You might think of interpreters as only good for writing programs. Many people learned programming on some kind of interpreter — like BASIC — because you get immediate feedback and don’t have to deal with the complexities of a compiler. But interpreters can have other uses like parsing configuration files, for example. [Sakib] has a very complete tutorial about writing an interpreter in Scala, but even if you use another language, you might find the tutorial useful.

We were impressed because the tutorial uses formal parsing using a lexer and a parser. This is how you’d be taught to do it in a computer science class, but not how everyone does it.

# DIY Regular Expressions

In the Star Wars universe, not everyone uses a lightsaber, and those who do wield them had to build them themselves. There’s something to be said about that strategy. Building a car or a radio is a great way to learn how those things work. That’s what [Low Level JavaScript] points out about regular expressions. Sure, a lot of people think they are scary. So why not write your own regular expression parser and engine? Get that under your belt and you’ll probably never fear another regular expression.

Of course, most of us probably won’t do it ourselves, but you can still watch the process in the video below. The code is surprisingly short, but don’t expect all the bells and whistles you might find in Python or even Perl.

# Parsing Math In Python

Programming computers used to be harder. Don’t get us wrong — today, people tend to solve harder problems with computers, but the fundamental act of programming is easier. We have high-level languages, toolkits, and even help from our operating systems. Most people never have to figure out how to directly read from a disk drive, deblock the data into records, and perform multiplication using nothing but shifts and adds. While that’s a good thing, sometimes it is good to study the basics. That was [gnebehay’s] thought when his university studies were too high level, so he decided to write an arithmetic expression parser in Python. It came out in about 100 lines of code.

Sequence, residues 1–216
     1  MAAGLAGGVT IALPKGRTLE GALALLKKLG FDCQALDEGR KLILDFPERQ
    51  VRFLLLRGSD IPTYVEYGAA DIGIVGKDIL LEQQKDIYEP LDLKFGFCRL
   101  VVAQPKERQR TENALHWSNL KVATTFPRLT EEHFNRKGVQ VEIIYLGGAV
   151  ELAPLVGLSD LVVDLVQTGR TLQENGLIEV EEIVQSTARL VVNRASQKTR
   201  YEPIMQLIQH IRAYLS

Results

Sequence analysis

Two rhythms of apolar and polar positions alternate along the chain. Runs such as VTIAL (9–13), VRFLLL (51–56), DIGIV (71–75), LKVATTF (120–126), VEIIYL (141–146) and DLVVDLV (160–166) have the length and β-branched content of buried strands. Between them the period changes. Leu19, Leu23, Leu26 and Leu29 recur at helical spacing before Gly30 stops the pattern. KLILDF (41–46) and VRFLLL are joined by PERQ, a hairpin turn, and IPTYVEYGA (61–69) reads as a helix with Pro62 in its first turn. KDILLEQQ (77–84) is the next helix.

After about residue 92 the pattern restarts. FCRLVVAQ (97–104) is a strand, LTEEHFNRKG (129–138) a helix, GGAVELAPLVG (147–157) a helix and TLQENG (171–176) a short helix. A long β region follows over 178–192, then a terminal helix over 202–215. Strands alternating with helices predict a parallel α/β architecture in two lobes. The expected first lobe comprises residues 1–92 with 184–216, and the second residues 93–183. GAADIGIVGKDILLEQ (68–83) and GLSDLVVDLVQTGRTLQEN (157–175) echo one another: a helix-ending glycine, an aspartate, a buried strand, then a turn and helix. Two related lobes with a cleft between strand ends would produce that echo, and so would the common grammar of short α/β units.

Interpreting math expressions is one of those things that seems simple until you get into it. The first problem is correctly lexing the input — a term that means splitting into tokens. For a human, it seems simple that 5-3 is three tokens, {5, -, and 3} and that’s easy to figure out. But what about 5+-3? That’s also three tokens: {5,+,-3}. Tricky.

# Tiny Programming Language In 25 Lines Of Code

There are certain kinds of programs that fascinate certain kinds of software hackers. Maybe you are into number crunching, chess programs, operating systems, or artificial intelligence. However, on any significant machine, most of the time those activities will require some sort of language. Sure, we all have some processor we can write hex code for in our head, but you really want at least an assembler if not something sturdier. Writing languages can be addictive, but jumping right into a big system like gcc and trying to make changes is daunting for anyone. If you want a gentle introduction, check out [mgechev’s] language that resides in 25 lines of Javascript.

The GitHub page bills it as a tiny compiler, although that is a bit misleading and even the README says it is a transpiler. Actually, the code reads a simple language, uses recursive descent parsing to build a tree, and then uses a “compiler” to convert the tree to JavaScript (which can then be executed, of course). It can also just interpret the tree and produce a numerical answer.